SKYE BRIDGE TOLLS TO END – SOON?
Possibly in response to the threats of judicial review on the matter (see No 354), or possibly not, on 5 June 2004 Enterprise Minister Jim Wallace made the following statement in the Scottish Parliament: This executive is committed to ending the discredited tolling regime on the Skye Bridge. Professional advisers have been appointed and discussions with Skye Bridge Limited have already begun. Having conferred with the minister of transport on this issue… I believe we can achieve our goal by the end of this year.
The Second Division issued its opinion in Adams v Scottish Ministers, the case challenging the validity of the abolition of fox-hunting in the Protection of Wild Mammals (Scotland) Act 2002, on 28 May 2004. The court upheld the validity of the Act, and found that the petitioners’ human rights had not been infringed by the Act. The Scottish Parliament had had sufficient evidence before it of the cruelty of fox-hunting, and had been entitled to take the view it did in the Act.
A Court of Five Judges in the High Court of Justiciary has held that the offence of breach of the peace does not require that any person actually be alarmed by the conduct complained of, and that it was for the court to determine objectively whether or not the conduct was genuinely disturbing or alarming. With regard to breaches of the peace taking place in private there needed to be evidence of a realistic risk that the conduct would be discovered. The cases before the court involved inter alia protesters at the Faslane nuclear base and in the Scottish Parliament chamber, as well as various ‘neighbourhood’ incidents. See Jones v Carnegie 2004 GWD 15-325, 4 May 2004.
SUPREME COURT ON ICE (THIN OR THICK? – UNCLEAR)
Lord Falconer denied the Times story (published on 17 May 2004) that the Supreme Court plans are to be ‘put on ice for up to ten years’ following the Government’s failure to find a suitable new building to accommodate the court (see No 355). No amendment to the Constitutional Reform Bill, suspending the creation of the Supreme Court until appropriate accommodation is found, has yet emerged; but nor has a building. In any event, the Bill will not be amended until the Special Committee of the House of Lords has concluded its deliberations. The Committee has taken evidence from a number of Scottish voices, including Lord Mackay of Clashfern, Lord Hope of Craighead, the Lord President Lord Cullen of Whitekirk, the Law Society of Scotland, the Faculty of Advocates and the Law Society of Scotland. Uncorrected transcripts of this oral evidence are available at the Committee’s website: (http://www.parliament.uk/parliamentary_committees/reformbill.cfm).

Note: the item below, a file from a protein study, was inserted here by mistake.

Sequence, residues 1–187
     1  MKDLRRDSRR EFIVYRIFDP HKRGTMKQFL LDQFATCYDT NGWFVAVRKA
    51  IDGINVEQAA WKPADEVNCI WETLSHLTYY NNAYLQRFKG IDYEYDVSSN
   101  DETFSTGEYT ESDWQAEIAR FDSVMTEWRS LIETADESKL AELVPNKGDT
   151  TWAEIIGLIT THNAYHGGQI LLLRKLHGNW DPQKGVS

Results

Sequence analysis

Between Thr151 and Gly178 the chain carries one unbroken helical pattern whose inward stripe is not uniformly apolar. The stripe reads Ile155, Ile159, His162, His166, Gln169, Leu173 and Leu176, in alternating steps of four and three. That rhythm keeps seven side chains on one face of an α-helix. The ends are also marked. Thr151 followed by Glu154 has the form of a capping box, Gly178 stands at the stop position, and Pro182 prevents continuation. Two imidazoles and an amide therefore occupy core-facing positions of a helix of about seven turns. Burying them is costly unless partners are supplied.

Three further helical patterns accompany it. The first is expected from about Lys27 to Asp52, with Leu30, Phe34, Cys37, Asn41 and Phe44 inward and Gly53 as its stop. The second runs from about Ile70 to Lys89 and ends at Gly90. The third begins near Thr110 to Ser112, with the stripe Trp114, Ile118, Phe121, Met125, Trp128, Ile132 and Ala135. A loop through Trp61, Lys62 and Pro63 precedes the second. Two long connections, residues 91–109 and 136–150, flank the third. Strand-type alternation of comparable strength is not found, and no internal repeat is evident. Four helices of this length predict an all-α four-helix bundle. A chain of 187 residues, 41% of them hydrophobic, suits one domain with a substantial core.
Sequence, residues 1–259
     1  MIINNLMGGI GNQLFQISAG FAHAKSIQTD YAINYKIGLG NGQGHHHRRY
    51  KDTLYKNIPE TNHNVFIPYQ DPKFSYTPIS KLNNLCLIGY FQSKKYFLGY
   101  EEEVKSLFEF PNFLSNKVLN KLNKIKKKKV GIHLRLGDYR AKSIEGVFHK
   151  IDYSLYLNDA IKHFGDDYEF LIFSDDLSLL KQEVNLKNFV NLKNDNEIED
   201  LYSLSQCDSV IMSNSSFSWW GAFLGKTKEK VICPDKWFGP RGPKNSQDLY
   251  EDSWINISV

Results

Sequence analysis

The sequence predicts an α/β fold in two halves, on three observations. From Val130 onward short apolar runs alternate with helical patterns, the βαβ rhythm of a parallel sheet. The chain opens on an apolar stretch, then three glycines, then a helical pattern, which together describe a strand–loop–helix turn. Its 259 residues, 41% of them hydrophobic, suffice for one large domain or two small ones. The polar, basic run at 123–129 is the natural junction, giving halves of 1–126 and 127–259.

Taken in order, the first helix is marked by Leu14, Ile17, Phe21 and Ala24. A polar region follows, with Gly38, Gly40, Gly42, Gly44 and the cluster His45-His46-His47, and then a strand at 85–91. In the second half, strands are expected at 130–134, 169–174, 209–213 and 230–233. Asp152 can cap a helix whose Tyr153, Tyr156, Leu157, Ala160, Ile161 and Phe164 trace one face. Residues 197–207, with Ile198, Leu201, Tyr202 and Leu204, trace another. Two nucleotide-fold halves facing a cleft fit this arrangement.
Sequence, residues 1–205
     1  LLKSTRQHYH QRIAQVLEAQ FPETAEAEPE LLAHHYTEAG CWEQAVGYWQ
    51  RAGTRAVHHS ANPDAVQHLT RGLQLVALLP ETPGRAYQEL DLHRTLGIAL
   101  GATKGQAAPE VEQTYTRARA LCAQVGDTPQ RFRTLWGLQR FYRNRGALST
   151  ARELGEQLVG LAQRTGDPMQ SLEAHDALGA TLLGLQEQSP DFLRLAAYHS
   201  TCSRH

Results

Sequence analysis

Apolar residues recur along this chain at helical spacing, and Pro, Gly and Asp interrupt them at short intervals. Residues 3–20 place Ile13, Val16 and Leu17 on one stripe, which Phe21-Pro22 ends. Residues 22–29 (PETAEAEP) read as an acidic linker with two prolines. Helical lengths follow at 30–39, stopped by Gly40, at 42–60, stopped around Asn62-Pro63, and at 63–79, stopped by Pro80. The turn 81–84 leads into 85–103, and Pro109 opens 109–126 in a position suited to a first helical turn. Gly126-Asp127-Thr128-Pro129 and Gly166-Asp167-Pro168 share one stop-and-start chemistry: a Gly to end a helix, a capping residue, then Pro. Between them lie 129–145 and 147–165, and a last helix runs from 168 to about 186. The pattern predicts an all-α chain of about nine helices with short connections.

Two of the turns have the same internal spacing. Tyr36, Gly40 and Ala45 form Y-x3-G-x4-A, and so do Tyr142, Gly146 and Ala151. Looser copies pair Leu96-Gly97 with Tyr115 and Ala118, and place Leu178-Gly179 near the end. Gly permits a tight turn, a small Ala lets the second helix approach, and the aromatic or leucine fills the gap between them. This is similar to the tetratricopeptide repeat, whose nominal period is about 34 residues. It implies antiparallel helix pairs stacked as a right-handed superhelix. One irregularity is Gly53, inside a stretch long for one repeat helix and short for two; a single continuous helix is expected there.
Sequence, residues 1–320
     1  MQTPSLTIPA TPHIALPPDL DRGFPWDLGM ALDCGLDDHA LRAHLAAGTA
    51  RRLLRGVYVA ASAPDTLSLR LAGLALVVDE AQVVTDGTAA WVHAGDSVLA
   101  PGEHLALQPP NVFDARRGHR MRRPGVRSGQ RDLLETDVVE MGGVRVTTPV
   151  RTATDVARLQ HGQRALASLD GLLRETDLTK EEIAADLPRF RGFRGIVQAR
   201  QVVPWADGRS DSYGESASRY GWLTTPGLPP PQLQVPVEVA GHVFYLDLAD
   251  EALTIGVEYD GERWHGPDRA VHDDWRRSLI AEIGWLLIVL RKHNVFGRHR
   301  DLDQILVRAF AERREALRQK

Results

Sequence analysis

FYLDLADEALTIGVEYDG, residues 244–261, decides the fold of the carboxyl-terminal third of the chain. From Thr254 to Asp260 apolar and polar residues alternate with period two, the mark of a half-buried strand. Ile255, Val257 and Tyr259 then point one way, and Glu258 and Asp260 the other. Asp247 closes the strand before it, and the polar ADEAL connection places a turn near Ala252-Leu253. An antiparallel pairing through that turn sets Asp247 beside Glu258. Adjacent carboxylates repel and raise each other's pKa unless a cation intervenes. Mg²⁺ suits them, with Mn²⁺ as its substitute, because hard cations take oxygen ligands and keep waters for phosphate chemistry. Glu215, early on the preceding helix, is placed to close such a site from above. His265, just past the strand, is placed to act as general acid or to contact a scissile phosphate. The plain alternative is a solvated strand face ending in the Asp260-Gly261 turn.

Meantime the Justice 2 Committee of the Scottish Parliament published its report on the Bill on 27 May 2004 (accessible at http://www.scottish.parliament.uk/justice2/reports/j2r04-04-01.htm ). The Committee supported the creation of a Supreme Court in place of the House of Lords and Judicial Committee of the Privy Council (dissentients Annabel Goldie and Nicola Sturgeon), exercising the present jurisdiction of the two bodies (dissentient Nicola Sturgeon), with no requirement of leave to appeal for Scots cases, but subject to a specific statutory guarantee that any English decision would not be determinative of Scots law. The Committee thought that statute should provide for a majority of Scots judges normally in Scottish appeals. It also asked for more thought on funding issues and Scottish financial contributions, but was content with the proposed judicial appointments system. The Scottish Parliament should bring forward a legislative guarantee of judicial independence in Scotland to match that in the Constitutional Reform Bill for England & Wales.
The Times for 17 May 2004 reports that the Supreme Court plans are to be ‘put on ice for up to ten years’ following the Government’s failure to find a suitable new building to accommodate the court. The shortlist had come down to the Middlesex Guildhall in Parliament Square at Westminster, but Lord Bingham, the senior Law Lord, rejected this possibility because the court room (a listed building) was laid out as a criminal court, with a dock and tiered public benches. Lord Bingham also refused to initiate the Supreme Court within the present quarters of the House of Lords. Lord Falconer, it is further reported, is to move an amendment to the Constitutional Reform Bill, suspending the creation of the Supreme Court until appropriate accommodation is found.